In apparent retaliation for new US sanctions, North Korea says it tested train-launched missiles – Henry Club

Seoul, January 15

North Korea said on Saturday it tested ballistic missiles from a train, in what was seen as a clear retaliation against new sanctions imposed by the Biden administration.

North state media reports come a day after South Korea’s military said it had detected two missiles fired from the north into the sea in its third weapons launch this month.

The launch comes hours after Pyongyang’s foreign ministry issued a statement from the United States imposing new sanctions on the North’s previous tests and warning of stronger and more explicit action if Washington maintains its “confrontational stance”. . Gave.

North Korea has been ramping up testing of new missiles designed to bolster missile defenses in the region in recent months amid pandemic-related border closures and a halt in nuclear diplomacy with the United States.

Some experts say North Korean leader Kim Jong Un is going back on tried-and-true technology to pressure the United States and neighbors into missile launches and abusive threats before offering talks to make concessions.

North Korea’s official Korean Central News Agency said Friday’s exercise was aimed at checking the alert posture of its army’s rail-borne missile regiment. Soon after the missile was ordered to be tested, troops arrived at the launch site and fired two “tactical guided” missiles that hit sea targets with precision, the report said.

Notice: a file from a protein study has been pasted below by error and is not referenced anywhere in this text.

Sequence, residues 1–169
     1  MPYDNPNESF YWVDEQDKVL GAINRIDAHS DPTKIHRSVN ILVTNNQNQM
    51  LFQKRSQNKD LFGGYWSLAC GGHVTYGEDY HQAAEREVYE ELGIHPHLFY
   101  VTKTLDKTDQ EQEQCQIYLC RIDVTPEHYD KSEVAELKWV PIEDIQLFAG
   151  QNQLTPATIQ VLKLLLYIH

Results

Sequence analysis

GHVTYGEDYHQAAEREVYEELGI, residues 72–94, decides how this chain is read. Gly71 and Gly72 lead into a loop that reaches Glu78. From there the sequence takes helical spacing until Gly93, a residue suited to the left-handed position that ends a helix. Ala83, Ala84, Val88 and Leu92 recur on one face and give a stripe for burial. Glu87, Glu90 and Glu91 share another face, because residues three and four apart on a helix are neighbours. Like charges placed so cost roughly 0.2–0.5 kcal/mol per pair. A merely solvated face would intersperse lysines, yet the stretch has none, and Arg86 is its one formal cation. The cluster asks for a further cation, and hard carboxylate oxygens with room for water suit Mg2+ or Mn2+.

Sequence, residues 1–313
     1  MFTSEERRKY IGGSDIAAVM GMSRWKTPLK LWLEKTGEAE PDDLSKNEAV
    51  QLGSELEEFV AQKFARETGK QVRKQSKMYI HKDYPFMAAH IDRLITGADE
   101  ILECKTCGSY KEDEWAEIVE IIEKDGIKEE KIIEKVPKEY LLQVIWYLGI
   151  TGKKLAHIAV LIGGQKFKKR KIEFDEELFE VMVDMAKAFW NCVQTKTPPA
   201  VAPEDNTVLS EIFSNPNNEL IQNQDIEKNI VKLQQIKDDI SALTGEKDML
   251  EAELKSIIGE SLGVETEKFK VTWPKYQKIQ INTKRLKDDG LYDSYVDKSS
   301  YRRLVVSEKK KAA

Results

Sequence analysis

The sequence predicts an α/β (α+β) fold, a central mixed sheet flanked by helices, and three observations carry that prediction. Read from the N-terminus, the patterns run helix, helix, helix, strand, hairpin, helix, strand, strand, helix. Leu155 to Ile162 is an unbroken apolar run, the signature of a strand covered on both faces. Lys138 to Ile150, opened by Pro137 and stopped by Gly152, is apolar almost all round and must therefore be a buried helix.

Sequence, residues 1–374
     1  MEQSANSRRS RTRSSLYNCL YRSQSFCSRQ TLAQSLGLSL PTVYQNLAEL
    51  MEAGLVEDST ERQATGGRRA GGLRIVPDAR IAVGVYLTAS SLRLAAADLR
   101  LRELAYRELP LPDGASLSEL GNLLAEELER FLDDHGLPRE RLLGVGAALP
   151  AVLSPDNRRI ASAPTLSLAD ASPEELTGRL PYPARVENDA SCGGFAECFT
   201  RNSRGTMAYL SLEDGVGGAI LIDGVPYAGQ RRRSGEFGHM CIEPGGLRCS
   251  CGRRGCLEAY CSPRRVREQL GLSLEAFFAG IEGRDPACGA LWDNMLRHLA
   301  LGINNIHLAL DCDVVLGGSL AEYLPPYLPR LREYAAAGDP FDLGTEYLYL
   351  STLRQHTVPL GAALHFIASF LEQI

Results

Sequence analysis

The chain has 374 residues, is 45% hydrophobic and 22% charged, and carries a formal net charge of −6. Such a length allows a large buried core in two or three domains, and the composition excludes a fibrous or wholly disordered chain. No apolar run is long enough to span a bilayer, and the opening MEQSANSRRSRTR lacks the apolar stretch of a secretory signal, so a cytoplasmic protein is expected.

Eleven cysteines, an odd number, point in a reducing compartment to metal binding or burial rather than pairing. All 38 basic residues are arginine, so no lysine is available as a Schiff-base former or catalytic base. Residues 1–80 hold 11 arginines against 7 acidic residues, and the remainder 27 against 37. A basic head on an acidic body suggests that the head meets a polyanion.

The North’s Rodong Sinmun newspaper published pictures of two separate missiles flying over rail cars covered in smoke.

Cheong Seong-chang, an analyst at the private Sejong Institute in South Korea, said the North may have staged a launch it had not previously planned to demonstrate its opposition to US sanctions.

The missiles fired from rail cars appear to be a solid-fuel short-range weapon, which the North has apparently modeled after Russia’s Iskander mobile ballistic system. Tested for the first time in 2019, the missile is designed to maneuver and fly at low altitudes, potentially improving its chances of destroying and defeating missile systems.

North Korea first launched these missiles in September last year as part of its efforts to diversify its launch options, which now include various vehicles and eventually submarines that will be used by the country in pursuit of such capabilities. depend on the progress. Maybe. AP